A few months before announcing details of new album ‘Losing’, Bully returned with one-off track ‘Right’, released as part of the ‘Our First 100 Days’ compilation. The series, which provided a song for each of Donald Trump’s first hundred days in office as President, catalogued many of the shared worries and anxieties of young people in the US and beyond as 2017 began. ‘Right’ is maybe the most furious song Bully have ever penned, a relentless thrash that feels vitally current.
These worries, both personally and on behalf of her whole country, gave vocalist Alicia Bognanno a hell of a lot to write about on ‘Losing’, an intense step-up of a second album and the follow-up to lauded debut ‘Feels Like’. Speaking from Austin, Texas before beginning a run of shows in the US to road-test the new album, and with ‘Losing’ now firmly in her back pocket, these moments are serving as the calm before the metaphorical storm.
“Our first album was such a learning curve,” Alicia begins, laying out all the changes she and her band experienced in a first world tour that took the band to national TV, the planet’s biggest festivals and beyond. “We learned so many things, and now we know how to look after ourselves a little bit better. We’re looking forward to when we fully get back on the road with this new album.”
On top of adapting to a lifestyle as a full-time band and a touring circus of sorts - as well as finding themselves a new label - the world is a very different place to that which greeted ‘Feels Like’ in the balmy summer of 2015. It’s one the band have had to adapt to, from a less-than-traditional vantage point.
“Once things get low enough, people come together and work together.”
“It’s so strange when everything’s changing around you, and you’re constantly on the road,” Alicia lays out. “It’s not like you’re sheltered from what’s happening - sometimes you’ll be in the van on your own and just be bored and scrolling through your phone every five minutes looking at the news a bit too much. It’s when you’re back in town and see everyone you know that it really hits; like, ‘oh yeah, this is happening’.”
“Particularly in the last year, I’ve had a difficult time finding confidence and learning how to adapt to certain situations,” she continues, with the unease at the world permeating every part of ‘Losing’. “With the political climate in America, these feelings have only been made stronger. It’s been discouraging and sad to witness, and music has been a space for everyone to use as an outlet for negative energy, and as a platform with which to speak up.” It’s a situation that, while coming from a dark place, is leading countless bands from the US and beyond to find more common ground in their new material than ever. ‘Our First 100 Days’ and beyond, the sense of community has never been stronger.
“It makes complete sense that these things are tied into a bunch of records that are coming out this year,” Alicia reinforces. “It’s really unavoidable, you can’t overlook this. It’s affecting everybody.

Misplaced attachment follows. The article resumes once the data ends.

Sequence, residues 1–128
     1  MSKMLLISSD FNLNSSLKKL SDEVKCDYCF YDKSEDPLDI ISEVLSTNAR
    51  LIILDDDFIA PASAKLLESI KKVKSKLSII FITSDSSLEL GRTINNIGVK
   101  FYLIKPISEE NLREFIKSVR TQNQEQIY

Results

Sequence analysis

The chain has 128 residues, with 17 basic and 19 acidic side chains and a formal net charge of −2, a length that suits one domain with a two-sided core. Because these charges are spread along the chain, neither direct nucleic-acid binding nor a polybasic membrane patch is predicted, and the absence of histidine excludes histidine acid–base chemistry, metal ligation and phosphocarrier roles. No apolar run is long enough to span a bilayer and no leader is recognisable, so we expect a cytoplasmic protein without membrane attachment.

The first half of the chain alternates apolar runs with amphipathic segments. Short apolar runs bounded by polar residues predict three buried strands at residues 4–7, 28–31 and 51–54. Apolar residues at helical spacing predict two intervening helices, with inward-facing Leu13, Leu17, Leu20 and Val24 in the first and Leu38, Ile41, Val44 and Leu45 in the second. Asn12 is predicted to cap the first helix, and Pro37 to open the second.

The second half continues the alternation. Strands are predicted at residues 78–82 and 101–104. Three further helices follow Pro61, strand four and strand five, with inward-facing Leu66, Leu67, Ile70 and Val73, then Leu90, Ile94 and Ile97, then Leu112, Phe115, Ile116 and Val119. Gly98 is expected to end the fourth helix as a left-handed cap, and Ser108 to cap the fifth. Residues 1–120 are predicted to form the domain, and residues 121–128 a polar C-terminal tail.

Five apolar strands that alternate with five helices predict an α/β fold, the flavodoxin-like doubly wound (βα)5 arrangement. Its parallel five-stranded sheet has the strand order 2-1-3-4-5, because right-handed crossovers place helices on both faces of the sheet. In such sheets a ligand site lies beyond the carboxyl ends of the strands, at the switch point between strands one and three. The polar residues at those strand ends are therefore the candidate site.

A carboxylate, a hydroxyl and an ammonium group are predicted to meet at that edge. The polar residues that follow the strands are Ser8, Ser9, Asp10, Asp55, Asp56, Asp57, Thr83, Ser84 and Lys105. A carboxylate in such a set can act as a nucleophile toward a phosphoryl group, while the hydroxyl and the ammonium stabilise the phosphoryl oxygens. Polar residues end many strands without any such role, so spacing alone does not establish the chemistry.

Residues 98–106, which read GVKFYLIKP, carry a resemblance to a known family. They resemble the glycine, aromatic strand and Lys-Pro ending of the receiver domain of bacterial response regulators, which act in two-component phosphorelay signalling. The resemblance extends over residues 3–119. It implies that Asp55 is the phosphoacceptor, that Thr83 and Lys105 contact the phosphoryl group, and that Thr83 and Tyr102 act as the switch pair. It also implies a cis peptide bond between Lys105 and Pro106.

“It’s comforting,” she continues, thinking about her peers working through the same troubles and difficulties. “Once things get low enough, people come together and work together. I know that when we had the women’s march here it was unlike anything else I’ve ever experienced. I thought ‘Wow, this is amazing, this is happening’ but also it was unfortunate that it had to happen because of such terrible circumstances.”
“Music has been a space for everyone to use as an outlet for negative energy.”
‘Losing’ is an album that puts this nervousness and adaption onto tape perfectly. First single ‘Feels The Same’ tries to forcibly break out of a claustrophobic state of mind, while ‘Focused’ serves as a distilling of the record’s battle against anxiety, repeating the line “I am trying to stay focused”. Alicia’s vocals are brought to the fore more than ever before, a sweet, melodic undercurrent contrasted with her most vicious, gravelly bellow on top. It’s the best example of the band honing the sound they began to shape on ‘Feels Like’, and one they make their home across the twelve tracks on ‘Losing’.
Returning to Steve Albini’s Electrical Audio studio in Chicago - where Alicia famously once interned (though never meeting Albini himself) ‘Losing’ is a steady, tangible step up, both in songwriting and production from the vocalist, who found herself without a label to release it while more than halfway through finishing the record.
Splitting from Columbia after the release of ‘Feels Like’, the band’s DIY roots in Nashville meant they were never too scared of the idea of self-releasing. But when Sub Pop presented the dotted line for them to sign on, it made perfect sense. “We’re having the best time with them already,” Alicia says of the link-up, “and it’s all looking really exciting for the future.”
Despite the deal with Sub Pop - a move that will only strengthen the comparisons between Alicia’s gravelly vocals and those of the label’s most famous son - most of ‘Losing’ grapples with simply enduring change, rather than enjoying it. There’s a catharsis gained from thrashing out such worries, though, both for writer and listener.
After a series of one-off warm-up shows and the album’s mid-October release, Alicia and her band will hit the road for the foreseeable future, touring ‘Losing’ all across the globe. It’s an undeniably scary prospect, and a dark world to trek out into, but with these songs of fire and resistance under their belt, Bully are going to come out fighting.
Bully’s new album ‘Losing’ is out now.
Taken from the October 2017 issue of DIY, out now. Read online, and subscribe below.